Thursday, September 20, 2012

What the Cat in the Hat Teaches Us About Temptation - Part 1

If you are like me, the classic Dr. Seuss story The Cat in the Hat was a childhood favorite.  It is a fun story.  It can be read and thoroughly enjoyed on that level alone. The story can also be read on an entirely different level.  

I doubt that anyone would call Dr. Seuss a great theologian.  No one would consider him to be a doctrinal expert. Although I am absolutely certain that Dr. Seuss did not intend his well-loved book to be a picture of how people can find their lives totally messed up by sin, it still works as an illustration.  What do I mean? 

The Set-up

First, the boy telling the story and his sister Sally are alone at home, bored, and disgruntled that they cannot do any of the activities they would normally enjoy because it is raining.  What a set-up for temptation!  

It isn’t just children who find themselves tempted into mischief when they are bored and unhappy with life.  We adults are like that, too.  It is at times when we are lonely, sick, angry, bored, hurt, or otherwise dissatisfied that we are especially vulnerable to temptation.

And then…BUMP! Enter the Cat in the Hat.  To the kids in the story, he was a six foot tall cat with a weird red and white striped hat who offered them lots of games and tricks that would give them some fun on a rainy day.   

To us, the cat can appear in many different forms
  • a half gallon of ice cream in the freezer
  • a pill
  • a drink
  • a quick visit to a questionable website
  • a private lunch with a co-worker of the opposite sex
  • extra hours at work
  • a seemingly “innocent” fantasy.…  
The list goes on. Anything that promises to relieve the boredom, dull the pain, fill the emptiness.  They offer something fun and exciting as an alternative to the less enjoyable feelings we may be experiencing at the moment.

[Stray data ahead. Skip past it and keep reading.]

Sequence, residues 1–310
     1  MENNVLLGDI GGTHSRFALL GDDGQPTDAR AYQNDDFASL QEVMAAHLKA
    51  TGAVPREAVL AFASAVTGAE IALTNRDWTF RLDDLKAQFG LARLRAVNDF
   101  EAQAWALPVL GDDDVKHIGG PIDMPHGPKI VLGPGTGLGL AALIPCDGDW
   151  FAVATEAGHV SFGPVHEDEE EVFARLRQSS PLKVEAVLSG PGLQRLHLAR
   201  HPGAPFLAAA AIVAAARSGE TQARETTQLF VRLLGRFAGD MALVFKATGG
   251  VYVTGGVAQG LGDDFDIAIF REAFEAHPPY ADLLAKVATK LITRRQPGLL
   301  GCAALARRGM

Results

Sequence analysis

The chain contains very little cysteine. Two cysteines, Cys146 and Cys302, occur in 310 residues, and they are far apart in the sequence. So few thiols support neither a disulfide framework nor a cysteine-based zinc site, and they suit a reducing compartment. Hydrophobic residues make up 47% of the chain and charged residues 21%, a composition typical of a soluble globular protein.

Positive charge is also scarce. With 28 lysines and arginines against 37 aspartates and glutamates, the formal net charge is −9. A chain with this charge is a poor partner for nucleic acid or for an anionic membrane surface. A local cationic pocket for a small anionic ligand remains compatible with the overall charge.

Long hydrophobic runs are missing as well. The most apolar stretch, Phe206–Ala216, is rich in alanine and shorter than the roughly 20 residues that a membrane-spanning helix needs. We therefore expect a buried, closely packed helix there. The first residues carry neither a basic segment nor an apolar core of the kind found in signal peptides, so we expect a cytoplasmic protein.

Unprepared for the Encounter

Throughout the story, over and over again, the kids don’t know what to say to the cat’s suggestions.  They weren’t prepared for a six foot tall feline in odd-looking headgear to enter the scene with an offer of entertainment.  They had not been prepared to firmly tell any intruder to get lost.  No, they let the cat stick around and keep talking.  

We can fall into the same trap. When we have not made up our mind ahead of time that certain things are not to be allowed into our lives, we can find ourselves letting our personal “cat in the hat” stick around and begin to wreak havoc in our lives.  


Today, we have seen how certain scenarios leave us vulnerable to temptation. We have also seen how the lack of a decisive response to the initial temptation allows the Tempter to stick around and keep talking.

Tomorrow, we will consider how the Holy Spirit, our "fish", uses our consciences to sound the alarm ... and how the Tempter, our "cat", uses tactics of his own to silence the protest. Please come back for more of the story.

What about you? 
What kind of scenarios leave you particularly vulnerable to temptation? When your conscience sounds the alarm, what tactics does the Tempter use to silence it?  

I invite you to share your experience or thoughts in the comments.

(Photo from


  1. Theodore Geisel (Dr. Seuss) is one of my heros--with how easily he blended deep controversial issues into silly lyrical poems. He was a moralist, so I'm sure while he might not have thought of these actions as "sin" he probably was thinking of "temptations" like vices. Still makes for a nice little lesson, though. Easily transferable to my little girls about how we are all tempted by the enemy; and how it rarely looks that bad.

    1. As you say, Theodore Geisel (Dr. Seuss)would not have been thinking in terms of "sin". Even so, the parallel jumped out at me on one read to my daughter.

      In my next post, we'll take a look at "the fish in the pot". If the cat can represent temptation, who or what is the "fish"? What happens when we don't listen to him?

      Thanks so much for leaving a comment here. It is encouraging to hear from readers.


Any thoughts on this post? I would love to hear from you.

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